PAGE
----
As we age, our skin accumulates more mutations, including those that can lead to cancer. Environmental factors like excessive sun exposure further contribute to this process, making individuals more susceptible to skin cancers. It has been generally believed that simple wounds or surgery can increase the risk of skin cancer by expanding mutated cells even more. However, a recent study published in Nature by a team of researchers from Karolinska Institutet and Yale School of Medicine challenges this notion.
The surprising findings of the study indicate that injuries to the skin do not promote the growth of mutant cells as previously thought. Instead, they actually promote the expansion of healthy cells, which helps to keep the growth of mutated cells in check. Lead author Sara Gallini from Valentina Greco’s lab at Yale School of Medicine stated, “This finding completely changes our way of thinking about cancer initiation and suggests that signals released by an injury might actually counteract rather than promote tumorigenesis.”
The researchers closely observed the behavior of cells in wounded and non-wounded skin and analyzed their molecular signals. They discovered that injuries to the skin activate a signaling cascade that favors the proliferation of healthy cells over mutated cells. This unexpected result provides hope for developing innovative therapeutics that stimulate cell signaling pathways, promoting the selective growth of healthy cells and suppressing the growth of oncogenic cells.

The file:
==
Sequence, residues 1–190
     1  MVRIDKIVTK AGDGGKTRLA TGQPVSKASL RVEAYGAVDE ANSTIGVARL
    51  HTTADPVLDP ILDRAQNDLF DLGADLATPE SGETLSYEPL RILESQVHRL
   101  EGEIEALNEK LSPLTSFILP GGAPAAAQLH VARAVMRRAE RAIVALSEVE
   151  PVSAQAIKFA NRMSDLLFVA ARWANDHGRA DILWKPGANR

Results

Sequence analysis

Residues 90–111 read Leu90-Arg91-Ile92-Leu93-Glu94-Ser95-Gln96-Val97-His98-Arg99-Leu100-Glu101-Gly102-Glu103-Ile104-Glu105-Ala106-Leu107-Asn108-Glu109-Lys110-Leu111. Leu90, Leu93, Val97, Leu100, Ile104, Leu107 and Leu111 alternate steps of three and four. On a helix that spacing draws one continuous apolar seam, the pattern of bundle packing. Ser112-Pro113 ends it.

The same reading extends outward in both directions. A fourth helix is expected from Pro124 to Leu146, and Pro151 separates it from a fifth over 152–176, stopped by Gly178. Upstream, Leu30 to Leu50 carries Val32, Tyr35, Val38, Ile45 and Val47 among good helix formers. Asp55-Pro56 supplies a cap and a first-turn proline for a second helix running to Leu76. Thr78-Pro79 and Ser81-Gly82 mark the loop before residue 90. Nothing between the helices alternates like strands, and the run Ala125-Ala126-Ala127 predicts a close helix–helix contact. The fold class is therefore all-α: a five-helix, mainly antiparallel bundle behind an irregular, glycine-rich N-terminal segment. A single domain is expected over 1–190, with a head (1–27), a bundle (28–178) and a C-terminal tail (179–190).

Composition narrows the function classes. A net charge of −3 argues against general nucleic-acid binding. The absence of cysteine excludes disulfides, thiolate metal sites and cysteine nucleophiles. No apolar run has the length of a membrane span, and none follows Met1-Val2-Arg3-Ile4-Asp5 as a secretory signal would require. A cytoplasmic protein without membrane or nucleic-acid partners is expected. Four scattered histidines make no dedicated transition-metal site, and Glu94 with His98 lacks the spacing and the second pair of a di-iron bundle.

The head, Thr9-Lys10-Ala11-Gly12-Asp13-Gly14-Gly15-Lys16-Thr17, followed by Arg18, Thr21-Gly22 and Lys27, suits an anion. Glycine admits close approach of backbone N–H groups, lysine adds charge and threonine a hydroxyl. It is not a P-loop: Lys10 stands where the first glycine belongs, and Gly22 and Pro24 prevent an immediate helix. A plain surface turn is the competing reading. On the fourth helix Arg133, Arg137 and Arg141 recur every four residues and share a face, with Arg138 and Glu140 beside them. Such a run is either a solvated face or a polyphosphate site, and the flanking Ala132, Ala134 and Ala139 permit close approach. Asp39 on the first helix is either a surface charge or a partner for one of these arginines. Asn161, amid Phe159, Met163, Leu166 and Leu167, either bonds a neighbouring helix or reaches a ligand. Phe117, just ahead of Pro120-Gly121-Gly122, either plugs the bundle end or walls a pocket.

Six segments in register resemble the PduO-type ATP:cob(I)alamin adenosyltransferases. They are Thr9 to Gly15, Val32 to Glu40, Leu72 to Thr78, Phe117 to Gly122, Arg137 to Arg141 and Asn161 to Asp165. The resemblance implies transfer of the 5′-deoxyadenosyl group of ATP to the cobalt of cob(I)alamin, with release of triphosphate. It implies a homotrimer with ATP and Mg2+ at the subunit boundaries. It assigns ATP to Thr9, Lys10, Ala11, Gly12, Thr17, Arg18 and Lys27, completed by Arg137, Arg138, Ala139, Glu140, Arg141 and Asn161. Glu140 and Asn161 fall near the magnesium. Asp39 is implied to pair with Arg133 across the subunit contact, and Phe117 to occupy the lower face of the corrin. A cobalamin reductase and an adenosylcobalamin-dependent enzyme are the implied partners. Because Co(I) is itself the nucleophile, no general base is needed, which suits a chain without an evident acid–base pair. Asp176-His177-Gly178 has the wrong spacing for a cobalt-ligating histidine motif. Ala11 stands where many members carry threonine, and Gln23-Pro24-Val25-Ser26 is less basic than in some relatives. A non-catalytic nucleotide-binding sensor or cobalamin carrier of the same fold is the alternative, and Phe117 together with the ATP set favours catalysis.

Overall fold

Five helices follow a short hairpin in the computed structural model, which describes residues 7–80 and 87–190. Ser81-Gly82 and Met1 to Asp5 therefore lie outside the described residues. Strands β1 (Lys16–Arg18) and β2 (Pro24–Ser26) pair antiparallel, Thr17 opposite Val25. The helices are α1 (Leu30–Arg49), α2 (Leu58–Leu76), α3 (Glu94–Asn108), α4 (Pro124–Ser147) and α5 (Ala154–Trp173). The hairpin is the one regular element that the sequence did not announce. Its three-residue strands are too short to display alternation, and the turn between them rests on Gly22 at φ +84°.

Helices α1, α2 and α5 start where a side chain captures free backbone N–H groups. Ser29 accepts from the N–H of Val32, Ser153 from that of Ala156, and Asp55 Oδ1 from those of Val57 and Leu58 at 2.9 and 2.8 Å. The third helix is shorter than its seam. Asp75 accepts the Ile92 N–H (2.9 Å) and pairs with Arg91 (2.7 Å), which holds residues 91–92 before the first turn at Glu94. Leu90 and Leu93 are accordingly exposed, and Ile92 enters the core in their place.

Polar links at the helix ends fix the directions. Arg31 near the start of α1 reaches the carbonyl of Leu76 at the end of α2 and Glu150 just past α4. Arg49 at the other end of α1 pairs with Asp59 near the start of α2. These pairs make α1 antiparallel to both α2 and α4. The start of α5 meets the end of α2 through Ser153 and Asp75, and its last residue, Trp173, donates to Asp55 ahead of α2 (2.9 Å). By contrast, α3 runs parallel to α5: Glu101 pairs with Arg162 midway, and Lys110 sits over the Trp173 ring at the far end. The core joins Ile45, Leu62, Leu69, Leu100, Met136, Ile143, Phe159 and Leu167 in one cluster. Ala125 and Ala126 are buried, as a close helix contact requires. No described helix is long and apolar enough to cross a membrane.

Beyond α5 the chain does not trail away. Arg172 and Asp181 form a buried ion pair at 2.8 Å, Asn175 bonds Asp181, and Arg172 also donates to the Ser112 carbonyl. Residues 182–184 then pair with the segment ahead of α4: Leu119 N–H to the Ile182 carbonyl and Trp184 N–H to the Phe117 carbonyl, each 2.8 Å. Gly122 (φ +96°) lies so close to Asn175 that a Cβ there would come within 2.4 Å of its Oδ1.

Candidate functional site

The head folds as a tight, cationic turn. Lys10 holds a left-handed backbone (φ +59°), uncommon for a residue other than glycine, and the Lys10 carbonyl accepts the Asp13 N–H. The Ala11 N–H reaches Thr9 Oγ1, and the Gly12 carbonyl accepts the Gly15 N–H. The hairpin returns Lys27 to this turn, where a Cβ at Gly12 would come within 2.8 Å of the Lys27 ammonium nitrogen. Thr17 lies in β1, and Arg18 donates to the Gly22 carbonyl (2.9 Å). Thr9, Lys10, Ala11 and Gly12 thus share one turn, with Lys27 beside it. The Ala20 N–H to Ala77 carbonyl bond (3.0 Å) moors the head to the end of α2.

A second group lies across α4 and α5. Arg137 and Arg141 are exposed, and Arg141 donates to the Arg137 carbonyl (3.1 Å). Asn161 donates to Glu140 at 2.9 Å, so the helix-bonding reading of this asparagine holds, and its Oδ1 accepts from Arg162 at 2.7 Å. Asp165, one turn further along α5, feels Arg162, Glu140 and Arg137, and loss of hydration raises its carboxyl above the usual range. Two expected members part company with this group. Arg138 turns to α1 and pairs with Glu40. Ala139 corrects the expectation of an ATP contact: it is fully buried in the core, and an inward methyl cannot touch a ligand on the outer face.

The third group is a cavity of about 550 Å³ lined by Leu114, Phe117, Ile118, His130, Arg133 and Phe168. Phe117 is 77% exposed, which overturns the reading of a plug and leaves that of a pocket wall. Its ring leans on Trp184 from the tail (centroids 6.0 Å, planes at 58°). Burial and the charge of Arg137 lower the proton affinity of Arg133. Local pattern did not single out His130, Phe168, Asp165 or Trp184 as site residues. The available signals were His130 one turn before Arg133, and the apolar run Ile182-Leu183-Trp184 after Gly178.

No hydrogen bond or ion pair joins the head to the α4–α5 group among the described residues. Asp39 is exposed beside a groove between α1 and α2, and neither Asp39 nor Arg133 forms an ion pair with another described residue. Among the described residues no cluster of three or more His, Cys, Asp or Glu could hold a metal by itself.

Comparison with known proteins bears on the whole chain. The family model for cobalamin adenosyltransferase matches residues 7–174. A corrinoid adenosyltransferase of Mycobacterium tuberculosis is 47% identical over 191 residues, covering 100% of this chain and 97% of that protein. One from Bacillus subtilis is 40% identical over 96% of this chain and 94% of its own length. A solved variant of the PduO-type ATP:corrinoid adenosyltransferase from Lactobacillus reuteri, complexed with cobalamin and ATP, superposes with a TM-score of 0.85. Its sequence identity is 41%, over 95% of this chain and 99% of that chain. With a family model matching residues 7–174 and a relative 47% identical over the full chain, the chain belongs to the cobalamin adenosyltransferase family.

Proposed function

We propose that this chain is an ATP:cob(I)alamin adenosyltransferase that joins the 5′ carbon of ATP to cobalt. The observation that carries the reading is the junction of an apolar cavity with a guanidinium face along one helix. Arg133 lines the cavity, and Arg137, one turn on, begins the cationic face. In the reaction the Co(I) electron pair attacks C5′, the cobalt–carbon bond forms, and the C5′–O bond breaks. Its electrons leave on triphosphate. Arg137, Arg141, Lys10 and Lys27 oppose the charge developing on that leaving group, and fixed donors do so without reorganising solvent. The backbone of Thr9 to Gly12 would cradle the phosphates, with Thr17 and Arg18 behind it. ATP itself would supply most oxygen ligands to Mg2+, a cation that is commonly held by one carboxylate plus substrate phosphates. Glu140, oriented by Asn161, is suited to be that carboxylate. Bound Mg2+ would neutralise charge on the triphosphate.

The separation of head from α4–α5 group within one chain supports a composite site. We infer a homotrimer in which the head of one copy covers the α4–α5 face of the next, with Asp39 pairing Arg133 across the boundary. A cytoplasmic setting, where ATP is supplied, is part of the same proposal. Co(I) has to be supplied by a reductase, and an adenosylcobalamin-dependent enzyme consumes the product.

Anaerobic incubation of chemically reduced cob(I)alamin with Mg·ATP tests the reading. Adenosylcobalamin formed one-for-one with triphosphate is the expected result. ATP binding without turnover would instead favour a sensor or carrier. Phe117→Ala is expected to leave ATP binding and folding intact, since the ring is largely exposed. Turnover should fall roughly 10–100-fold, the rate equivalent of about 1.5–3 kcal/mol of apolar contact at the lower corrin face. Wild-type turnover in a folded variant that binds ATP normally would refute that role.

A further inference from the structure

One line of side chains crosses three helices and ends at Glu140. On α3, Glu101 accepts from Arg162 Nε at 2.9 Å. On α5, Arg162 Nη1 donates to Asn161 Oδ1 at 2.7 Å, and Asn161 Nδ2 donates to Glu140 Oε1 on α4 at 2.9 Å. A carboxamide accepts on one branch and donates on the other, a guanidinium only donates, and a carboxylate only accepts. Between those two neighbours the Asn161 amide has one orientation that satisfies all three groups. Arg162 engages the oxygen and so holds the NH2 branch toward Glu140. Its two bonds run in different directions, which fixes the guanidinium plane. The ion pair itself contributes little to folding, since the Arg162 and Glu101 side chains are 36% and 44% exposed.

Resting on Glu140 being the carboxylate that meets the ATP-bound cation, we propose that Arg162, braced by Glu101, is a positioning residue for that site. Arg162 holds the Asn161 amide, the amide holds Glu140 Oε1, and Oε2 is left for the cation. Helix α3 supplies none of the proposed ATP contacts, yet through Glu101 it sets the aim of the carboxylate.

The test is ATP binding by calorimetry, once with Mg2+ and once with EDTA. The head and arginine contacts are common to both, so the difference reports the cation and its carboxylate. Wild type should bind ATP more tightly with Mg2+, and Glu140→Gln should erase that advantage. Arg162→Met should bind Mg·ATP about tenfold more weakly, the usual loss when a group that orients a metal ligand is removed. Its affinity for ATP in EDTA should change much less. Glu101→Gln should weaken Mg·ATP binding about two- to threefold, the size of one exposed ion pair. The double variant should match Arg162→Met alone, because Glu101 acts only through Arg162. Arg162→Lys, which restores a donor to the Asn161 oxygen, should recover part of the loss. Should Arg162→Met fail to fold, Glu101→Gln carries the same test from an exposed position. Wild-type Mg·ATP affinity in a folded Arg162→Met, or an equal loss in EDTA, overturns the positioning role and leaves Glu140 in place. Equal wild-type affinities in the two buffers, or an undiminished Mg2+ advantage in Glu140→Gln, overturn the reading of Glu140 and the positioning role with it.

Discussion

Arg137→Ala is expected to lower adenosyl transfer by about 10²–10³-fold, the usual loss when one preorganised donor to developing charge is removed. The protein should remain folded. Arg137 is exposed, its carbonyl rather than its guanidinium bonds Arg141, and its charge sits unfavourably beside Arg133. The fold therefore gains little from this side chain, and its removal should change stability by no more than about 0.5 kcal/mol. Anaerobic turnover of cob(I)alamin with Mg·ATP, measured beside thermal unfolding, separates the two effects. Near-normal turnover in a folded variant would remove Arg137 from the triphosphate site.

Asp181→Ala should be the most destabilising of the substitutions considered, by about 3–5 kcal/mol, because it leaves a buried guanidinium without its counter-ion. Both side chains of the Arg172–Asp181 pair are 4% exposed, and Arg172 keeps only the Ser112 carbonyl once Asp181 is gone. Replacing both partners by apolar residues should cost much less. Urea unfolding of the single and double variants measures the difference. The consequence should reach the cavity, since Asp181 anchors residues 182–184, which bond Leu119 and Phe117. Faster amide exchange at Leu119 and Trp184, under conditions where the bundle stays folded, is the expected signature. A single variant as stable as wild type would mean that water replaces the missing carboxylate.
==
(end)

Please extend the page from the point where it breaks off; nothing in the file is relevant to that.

Maria Kasper, an associate professor at the Department of Cell and Molecular Biology, highlights the significance of these findings for cancer treatment strategies. She suggests that current approaches, which tend to suppress proliferative cells, may inadvertently hinder the natural defenses of mosaic tissue against tumor cells. The study opens up new possibilities for designing therapies that harness the body’s natural mechanisms to combat cancer effectively.
Source: Karolinska Institutet